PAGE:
Can a Nerve Block Help my Migraines?

Can a Nerve Block Help my Migraines?

If you’re among the millions of people in the United States (35 million, to be exact) who suffer from migraines, you’ve likely sought treatment after treatment with only mild to moderate success. 

We urge you not to give up hope, as there are many ways that we can approach migraine pain. An occipital nerve block is one such avenue. While this type of block isn’t for all migraine sufferers, it has brought relief to many.

At Pain Medicine Consultants, our team’s goal is to offer a wide range of pain-management options, because we understand that what may work for one patient may not work for another. 

Such is definitely the case with occipital nerve blocks, which we use to combat headaches and migraines. To determine whether an occipital nerve block may help relieve your migraines, read on.

Understanding your occipital nerves

Your occipital nerves are a group of nerves that originate from the C2 and C3 nerves in your cervical spine (C stands for cervical).

There are three major occipital nerves:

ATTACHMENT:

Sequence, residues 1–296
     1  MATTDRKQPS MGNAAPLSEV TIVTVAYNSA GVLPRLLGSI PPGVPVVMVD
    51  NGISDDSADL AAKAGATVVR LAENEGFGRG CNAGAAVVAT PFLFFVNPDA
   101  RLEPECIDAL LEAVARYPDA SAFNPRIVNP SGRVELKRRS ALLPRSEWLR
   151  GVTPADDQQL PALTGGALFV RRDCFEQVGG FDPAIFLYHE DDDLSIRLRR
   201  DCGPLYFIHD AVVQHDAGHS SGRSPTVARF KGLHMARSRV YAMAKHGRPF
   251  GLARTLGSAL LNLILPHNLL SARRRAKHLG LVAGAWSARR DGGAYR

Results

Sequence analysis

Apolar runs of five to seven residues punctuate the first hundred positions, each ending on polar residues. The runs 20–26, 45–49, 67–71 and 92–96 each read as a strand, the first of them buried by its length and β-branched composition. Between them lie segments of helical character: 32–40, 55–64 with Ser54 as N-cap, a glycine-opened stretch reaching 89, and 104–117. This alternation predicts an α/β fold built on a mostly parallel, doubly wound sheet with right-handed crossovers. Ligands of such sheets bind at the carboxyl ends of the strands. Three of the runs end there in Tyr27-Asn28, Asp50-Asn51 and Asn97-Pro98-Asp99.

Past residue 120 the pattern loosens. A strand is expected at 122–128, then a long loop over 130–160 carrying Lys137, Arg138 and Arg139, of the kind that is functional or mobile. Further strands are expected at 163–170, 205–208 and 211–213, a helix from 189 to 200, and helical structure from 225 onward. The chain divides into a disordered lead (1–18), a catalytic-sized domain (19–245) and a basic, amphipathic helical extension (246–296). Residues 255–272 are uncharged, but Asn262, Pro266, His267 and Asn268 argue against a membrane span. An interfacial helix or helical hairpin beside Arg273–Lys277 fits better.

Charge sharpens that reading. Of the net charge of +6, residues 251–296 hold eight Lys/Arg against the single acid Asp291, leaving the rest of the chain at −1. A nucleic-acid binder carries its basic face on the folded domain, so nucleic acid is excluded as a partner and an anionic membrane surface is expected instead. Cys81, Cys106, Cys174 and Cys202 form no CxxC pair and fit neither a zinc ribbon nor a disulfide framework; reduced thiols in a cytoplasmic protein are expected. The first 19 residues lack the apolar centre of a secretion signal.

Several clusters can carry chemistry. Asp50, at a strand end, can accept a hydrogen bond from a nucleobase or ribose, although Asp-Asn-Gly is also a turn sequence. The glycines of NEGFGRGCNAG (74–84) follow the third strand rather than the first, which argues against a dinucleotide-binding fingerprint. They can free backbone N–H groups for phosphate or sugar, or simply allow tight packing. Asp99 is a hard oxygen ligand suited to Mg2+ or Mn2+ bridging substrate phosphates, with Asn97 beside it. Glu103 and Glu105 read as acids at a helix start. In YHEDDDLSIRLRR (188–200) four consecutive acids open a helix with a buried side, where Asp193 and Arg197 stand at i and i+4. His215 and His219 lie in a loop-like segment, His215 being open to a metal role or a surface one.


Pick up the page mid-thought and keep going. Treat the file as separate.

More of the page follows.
These nerves control the sensations around the back and top of your head, which are areas where many migraine sufferers experience symptoms.

This point is an important one, as occipital nerve blocks aren’t for all migraine patients. If your migraines tend to start in your neck, at the base of your skull, or around the back or top of your head, the chances are good that an occipital nerve block can help.

If your migraines follow a different path, we’re happy to discuss other options with you, such as Botox® injections, magnesium IV infusions, and biofeedback.

Occipital nerve block explained

When we perform an occipital nerve block, we inject a combination of an analgesic and a steroid directly into the greater and lesser occipital nerves in your neck. This block quiets the pain signaling and reduces any inflammation in the area that may be irritating the nerves.

In order for us to access the area between your second and third cervical vertebrae, you lie face down on a table. We then apply a topical numbing agent to your skin. Once you’re comfortable, we inject a needle containing the anesthetic and steroid into your occipital nerves.

When we’re done, you’re free to return home. Results vary from one patient to the next, with some reporting relief for weeks, while others enjoy months of freedom from head pain.

If you want to explore further whether an occipital nerve block may hold the key to relieving your migraine pain, contact one of our offices in Pleasant Hill, Pleasanton, or Corte Madera, California, to set up an appointment.

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